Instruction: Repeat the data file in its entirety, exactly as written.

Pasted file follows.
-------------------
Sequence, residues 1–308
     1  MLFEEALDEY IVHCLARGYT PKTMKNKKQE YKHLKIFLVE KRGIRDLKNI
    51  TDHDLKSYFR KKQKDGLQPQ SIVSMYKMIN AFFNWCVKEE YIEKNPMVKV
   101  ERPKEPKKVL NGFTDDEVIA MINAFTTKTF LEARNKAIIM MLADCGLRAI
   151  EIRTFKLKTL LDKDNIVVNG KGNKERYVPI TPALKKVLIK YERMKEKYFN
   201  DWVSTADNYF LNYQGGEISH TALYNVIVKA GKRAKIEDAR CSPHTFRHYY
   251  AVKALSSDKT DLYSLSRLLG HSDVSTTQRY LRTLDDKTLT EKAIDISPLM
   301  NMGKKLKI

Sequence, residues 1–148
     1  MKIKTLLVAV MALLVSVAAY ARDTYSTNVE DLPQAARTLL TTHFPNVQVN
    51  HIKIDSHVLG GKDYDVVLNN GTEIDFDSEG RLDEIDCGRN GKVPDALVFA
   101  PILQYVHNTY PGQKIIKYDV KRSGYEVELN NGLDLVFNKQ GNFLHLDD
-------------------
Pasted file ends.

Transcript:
Sequence, residues 1–308
     1  MLFEEALDEY IVHCLARGYT PKTMKNKKQE YKHLKIFLVE KRGIRDLKNI
    51  TDHDLKSYFR KKQKDGLQPQ SIVSMYKMIN AFFNWCVKEE YIEKNPMVKV
   101  ERPKEPKKVL NGFTDDEVIA MINAFTTKTF LEARNKAIIM MLADCGLRAI
   151  EIRTFKLKTL LDKDNIVVNG KGNKERYVPI TPALKKVLIK YERMKEKYFN
   201  DWVSTADNYF LNYQGGEISH TALYNVIVKA GKRAKIEDAR CSPHTFRHYY
   251  AVKALSSDKT DLYSLSRLLG HSDVSTTQRY LRTLDDKTLT EKAIDISPLM
   301  NMGKKLKI

Sequence, residues 1–148
     1  MKIKTLLVAV MALLVSVAAY ARDTYSTNVE DLPQAARTLL TTHFPNVQVN
    51  HIKIDSHVLG GKDYDVVLNN GTEIDFDSEG RLDEIDCGRN GKVPDALVFA
   101  PILQYVHNTY PGQKIIKYDV KRSGYEVELN NGLDLVFNKQ GNFLHLDD